Investors are growing anxious. Most of the angst is focused on interest rates and the Federal Reserve (Fed). However, although that fear is not irrational, it may be exaggerated, as I discussed a few weeks back. All else equal, stocks can withstand modestly higher rates. The obvious rejoinder is that all else is never equal.
Rather than a marginally more aggressive Fed, the bigger threat may be the side effect of tighter financial conditions leading to more volatility. In other words, stocks can probably withstand yields of 3% on the 10-year Treasury, but a VIX stuck in the 20s may create a real headwind for equities.
Why should volatility be such a threat? Even after the recent spike, the VIX Index is only back to its long-term average. Furthermore, equity markets did quite well in the late 1990s, a time when the VIX frequently was above 20.
There are at least three counter arguments. This bull market has been largely built and sustained on cheap money; conditions are changing. In addition, the change is happening against a backdrop of extended valuations in U.S. equities. High valuations and high volatility did coexist in the late 1990s, but that did not end well. Finally, in the post-crisis world multiples are much more correlated with volatility.
Indeed, one reason markets performed so well last year is that despite the Fed hikes, financial conditions actually eased. While the Fed was hiking, other factors—notably the U.S. dollar and credit markets—were pushing in the other direction. The net result is that financial conditions remained about as easy as they get.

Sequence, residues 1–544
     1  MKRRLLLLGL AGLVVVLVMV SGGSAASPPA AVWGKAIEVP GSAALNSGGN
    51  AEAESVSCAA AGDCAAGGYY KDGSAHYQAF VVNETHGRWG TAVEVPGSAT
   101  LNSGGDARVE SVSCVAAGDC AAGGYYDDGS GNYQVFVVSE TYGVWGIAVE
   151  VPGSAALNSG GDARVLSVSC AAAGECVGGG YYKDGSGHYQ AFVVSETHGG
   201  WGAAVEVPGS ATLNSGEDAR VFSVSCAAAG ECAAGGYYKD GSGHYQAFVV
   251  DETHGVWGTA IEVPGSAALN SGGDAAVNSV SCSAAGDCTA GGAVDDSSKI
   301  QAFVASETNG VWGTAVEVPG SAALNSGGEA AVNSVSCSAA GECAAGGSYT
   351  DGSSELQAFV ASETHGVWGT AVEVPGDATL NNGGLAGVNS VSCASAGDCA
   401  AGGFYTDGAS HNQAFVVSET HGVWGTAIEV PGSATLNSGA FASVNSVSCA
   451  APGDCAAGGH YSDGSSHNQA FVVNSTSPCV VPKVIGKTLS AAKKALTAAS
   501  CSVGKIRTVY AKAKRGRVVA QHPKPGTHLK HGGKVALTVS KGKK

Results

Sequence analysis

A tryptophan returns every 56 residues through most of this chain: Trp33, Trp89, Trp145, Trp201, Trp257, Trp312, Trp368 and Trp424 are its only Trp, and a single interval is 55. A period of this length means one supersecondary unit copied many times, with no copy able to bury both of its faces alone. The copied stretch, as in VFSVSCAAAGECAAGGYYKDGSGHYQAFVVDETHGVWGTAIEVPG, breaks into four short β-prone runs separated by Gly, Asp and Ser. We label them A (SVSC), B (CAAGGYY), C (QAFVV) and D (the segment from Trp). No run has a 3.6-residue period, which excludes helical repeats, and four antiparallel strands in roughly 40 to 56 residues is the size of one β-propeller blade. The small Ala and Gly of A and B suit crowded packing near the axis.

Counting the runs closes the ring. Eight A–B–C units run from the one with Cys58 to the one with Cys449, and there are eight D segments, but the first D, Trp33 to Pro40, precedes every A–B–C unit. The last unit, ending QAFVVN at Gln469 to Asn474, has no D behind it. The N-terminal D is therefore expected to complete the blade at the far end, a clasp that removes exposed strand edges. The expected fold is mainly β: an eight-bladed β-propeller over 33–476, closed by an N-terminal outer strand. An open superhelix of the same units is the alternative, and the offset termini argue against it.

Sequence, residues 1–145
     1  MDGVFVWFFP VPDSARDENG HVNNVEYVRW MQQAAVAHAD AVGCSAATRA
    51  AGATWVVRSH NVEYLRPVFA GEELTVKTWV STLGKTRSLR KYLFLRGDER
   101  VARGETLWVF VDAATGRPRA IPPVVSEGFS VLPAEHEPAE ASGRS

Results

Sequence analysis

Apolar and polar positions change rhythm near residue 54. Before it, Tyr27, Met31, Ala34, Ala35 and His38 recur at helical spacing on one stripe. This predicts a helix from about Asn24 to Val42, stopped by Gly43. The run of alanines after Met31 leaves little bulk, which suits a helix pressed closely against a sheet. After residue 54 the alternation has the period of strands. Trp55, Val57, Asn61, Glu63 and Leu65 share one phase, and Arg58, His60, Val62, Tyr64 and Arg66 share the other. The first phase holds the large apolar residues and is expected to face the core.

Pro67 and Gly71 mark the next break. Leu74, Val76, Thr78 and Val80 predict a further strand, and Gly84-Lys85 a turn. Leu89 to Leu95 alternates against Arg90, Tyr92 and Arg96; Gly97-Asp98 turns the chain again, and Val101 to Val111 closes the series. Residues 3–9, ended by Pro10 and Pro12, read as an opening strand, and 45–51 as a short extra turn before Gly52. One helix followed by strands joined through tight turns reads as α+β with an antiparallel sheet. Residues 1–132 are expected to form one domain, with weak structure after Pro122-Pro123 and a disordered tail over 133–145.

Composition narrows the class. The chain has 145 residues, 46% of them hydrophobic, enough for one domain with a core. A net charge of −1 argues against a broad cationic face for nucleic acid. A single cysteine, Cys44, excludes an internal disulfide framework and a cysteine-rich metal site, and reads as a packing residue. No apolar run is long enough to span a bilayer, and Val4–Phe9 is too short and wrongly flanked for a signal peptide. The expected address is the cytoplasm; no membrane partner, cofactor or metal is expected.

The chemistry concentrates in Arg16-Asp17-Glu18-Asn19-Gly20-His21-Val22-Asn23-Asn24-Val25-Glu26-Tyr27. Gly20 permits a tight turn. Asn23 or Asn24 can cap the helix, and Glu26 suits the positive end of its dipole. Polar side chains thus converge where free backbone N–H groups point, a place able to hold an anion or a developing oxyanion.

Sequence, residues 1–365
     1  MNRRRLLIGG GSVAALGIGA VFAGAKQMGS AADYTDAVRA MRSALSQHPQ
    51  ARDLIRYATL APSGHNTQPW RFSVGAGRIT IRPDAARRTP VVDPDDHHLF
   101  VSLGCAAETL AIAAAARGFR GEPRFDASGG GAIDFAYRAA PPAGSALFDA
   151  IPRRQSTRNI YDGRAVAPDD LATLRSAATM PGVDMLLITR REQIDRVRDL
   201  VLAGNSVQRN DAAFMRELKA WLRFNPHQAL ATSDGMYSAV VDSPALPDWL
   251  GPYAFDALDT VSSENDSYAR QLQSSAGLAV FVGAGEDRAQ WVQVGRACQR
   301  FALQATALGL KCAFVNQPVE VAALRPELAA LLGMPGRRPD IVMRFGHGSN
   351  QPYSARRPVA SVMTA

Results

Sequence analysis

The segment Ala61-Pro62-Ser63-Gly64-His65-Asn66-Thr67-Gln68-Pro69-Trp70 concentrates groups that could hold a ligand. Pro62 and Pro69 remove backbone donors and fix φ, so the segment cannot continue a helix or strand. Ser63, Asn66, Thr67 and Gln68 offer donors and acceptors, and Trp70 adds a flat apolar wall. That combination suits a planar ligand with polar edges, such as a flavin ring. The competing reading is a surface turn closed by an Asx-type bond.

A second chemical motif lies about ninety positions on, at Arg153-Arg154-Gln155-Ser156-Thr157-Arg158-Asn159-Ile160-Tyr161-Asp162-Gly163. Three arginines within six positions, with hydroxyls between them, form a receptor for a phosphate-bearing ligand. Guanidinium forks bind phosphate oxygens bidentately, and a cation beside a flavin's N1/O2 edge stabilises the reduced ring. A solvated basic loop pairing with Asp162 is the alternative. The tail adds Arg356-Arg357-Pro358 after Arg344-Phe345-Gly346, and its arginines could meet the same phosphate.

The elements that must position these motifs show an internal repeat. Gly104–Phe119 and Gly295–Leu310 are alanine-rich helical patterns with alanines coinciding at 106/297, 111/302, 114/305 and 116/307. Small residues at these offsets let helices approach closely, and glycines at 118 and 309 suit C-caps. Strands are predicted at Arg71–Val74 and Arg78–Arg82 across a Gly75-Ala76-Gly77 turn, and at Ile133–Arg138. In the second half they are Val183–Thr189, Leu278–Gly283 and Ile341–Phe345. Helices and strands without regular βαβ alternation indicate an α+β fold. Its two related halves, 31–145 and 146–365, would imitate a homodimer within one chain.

Easy money and loose financial conditions are important as they correlate with volatility. In the post-crisis environment this relationship has been getting stronger. It is no mystery why the VIX spent much of 2017 in a coma.
Although financial conditions have yet to tighten in a material way, investors are clearly getting nervous about the Fed wrecking the party. Again, higher interest rates by themselves are not a disaster, but if we experience a broader tightening of financial market conditions, including a stronger dollar and wider credit spreads, volatility is likely to remain elevated. This is problematic because in the post-crisis environment, equity multiples—the amount investors are willing to pay for each dollar of earnings—and volatility have also become increasingly correlated.
Since 2010, the level of the VIX has explained 45% of the variation in U.S. equity multiples. Not only is volatility highly correlated with multiples, but the relationship has historically been the most relevant at current levels. Based on this relationship, a sustained move from 10 to 20 in the VIX would suggest a decline of about 20% in the S&P 500 P/E ratio. Interestingly, that is also roughly the level of earnings growth that many analysts expect. See the chart below.
If we are moving to a higher volatility regime, investors should expect some multiple compression. If volatility remains high enough, the headwind from lower multiples could offset much of the tailwind from higher earnings.